CBS averaged more viewers last week than ABC, Fox and NBC combined, thanks to its coverage of the AFC Championship Game and its usual strength in scripted programming.
CBS averaged 14.22 million viewers — the most by any network this season — for its prime-time programming between Jan. 12 and Sunday, according to live-plus-same day figures released by Nielsen Wednesday.
ABC was second among the broadcast networks, averaging 4.99 million, followed by Fox, which averaged 4.76 million, and NBC, which averaged 4.39 million.
Thanks to its record-setting audience for the College Football Playoff National Championship, ESPN averaged 5.27 million viewers for the week, topping all but CBS among the broadcast networks.
Ohio State’s 42-20 victory over Oregon averaged 33.4 million viewers — the most for any cable program in history. It eclipsed the previous record of 28.27 million viewers set 11 days earlier for the Buckeyes’ 42-35 victory over Alabama in the Sugar Bowl, which served as the second College Football Playoff Semifinal.
The New England Patriots’ 45-7 victory over the Indianapolis Colts averaged 42.14 million viewers. That’s the largest audience for any prime-time program this season, but 24.6 percent below the 55.91 million average for last year’s prime-time conference championship game, the Seattle Seahawks’ 23-17 victory over the San Francisco 49ers in the NFC Championship Game, which aired on Fox.
Viewership was down 11.7 percent from the last time the AFC Championship Game aired in prime time, 2013, when it averaged 47.71 million. Viewership is traditionally lower for AFC games than NFC games because the conference is in smaller markets.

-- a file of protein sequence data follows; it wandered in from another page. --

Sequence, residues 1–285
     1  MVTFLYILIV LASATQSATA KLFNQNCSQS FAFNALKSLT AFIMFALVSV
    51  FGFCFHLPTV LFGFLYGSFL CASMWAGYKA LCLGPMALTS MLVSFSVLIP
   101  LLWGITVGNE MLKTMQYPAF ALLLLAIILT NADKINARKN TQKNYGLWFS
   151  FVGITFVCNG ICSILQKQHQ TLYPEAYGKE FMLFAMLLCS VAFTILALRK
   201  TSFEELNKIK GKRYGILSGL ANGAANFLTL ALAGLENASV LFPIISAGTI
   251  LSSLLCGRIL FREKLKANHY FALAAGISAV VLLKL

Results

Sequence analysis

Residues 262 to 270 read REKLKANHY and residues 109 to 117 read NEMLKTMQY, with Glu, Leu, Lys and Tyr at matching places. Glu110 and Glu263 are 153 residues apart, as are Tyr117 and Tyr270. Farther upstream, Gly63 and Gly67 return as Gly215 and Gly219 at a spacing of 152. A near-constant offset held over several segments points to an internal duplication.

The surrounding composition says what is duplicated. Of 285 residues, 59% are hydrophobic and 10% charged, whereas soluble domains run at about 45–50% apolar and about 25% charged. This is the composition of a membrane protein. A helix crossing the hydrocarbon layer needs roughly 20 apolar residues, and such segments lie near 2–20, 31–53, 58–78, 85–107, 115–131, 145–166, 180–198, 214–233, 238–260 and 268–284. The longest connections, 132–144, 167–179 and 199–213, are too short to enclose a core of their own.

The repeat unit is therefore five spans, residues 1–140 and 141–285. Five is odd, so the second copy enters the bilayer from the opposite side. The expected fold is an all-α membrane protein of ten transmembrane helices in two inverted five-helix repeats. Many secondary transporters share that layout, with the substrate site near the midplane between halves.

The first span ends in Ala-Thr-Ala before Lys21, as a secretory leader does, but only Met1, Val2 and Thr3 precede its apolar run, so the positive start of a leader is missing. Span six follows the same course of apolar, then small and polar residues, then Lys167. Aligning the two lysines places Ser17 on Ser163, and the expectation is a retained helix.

The prime-time conference championship game annually alternates between CBS and Fox.
CBS had each of the six most-watched scripted series and nine of the top 10, led by “NCIS,” which averaged 19.87 million viewers, finishing third overall behind the AFC Championship Game and the College Football Playoff National Championship.
The Fox drama “Empire” became the first new series this season to have more viewers for its second episode than its premiere, averaging 10.32 million viewers, winning its 9-10 p.m. Wednesday time slot and finishing 15th for the week. The audience was the largest of the week any non-CBS scripted program.
Fox announced on Saturday that it had ordered a second season of “Empire.”
Fox also had both of the most-watched non-CBS entertainment programs — the Wednesday and Thursday episodes of “American Idol.” The Wednesday episode was 10th for the week, averaging 10.87 million viewers and winning its 8-9 p.m. time slot, and the Thursday episode was 14th, averaging 10.42 million viewers.
The week’s only premiere, the Fox video clip series “World’s Funniest Fails,” finished third in its Friday 8-9 p.m. time slot and 83rd among the week’s prime-time broadcast and cable programs, averaging 3.32 million viewers.
The week’s most-watched Spanish-language prime-time program was Tuesday episode of the Univision telenovela “Mi Corazon Es Tuyo,” which averaged 3.85 million viewers, putting it 61st overall.
As usual, Univision was the most-watched Spanish-language network, averaging 3.21 million viewers. Telemundo was second, averaging 1.34 million, followed by UniMas (580,000), Estrella TV (250,000), MundoFox (220,000) and Azteca America (160,000).
The “NBC Nightly News with Brian Williams” was the most-watched network nightly newscast for the 279th consecutive week and 326th of the past 327, averaging 9.66 million viewers, followed by ABC’s “World News Tonight with David Muir” (9.31 million) and “The CBS Evening News” (7.83 million).
The week’s 10 most-watched prime-time programs were CBS’ coverage of the AFC Championship Game; ESPN’s coverage of the College Football Playoff National Championship; CBS’ “NCIS”; CBS’ 20-minute AFC Championship Game postgame show; ESPN’s 14-minute College Football Playoff National Championship pregame show; CBS’ “NCIS: New Orleans,” “Blue Bloods,” Sunday “Scorpion” episode and the Thursday episode of “The Big Bang Theory”; and the Wednesday episode of Fox’s “American Idol.”
— City News Service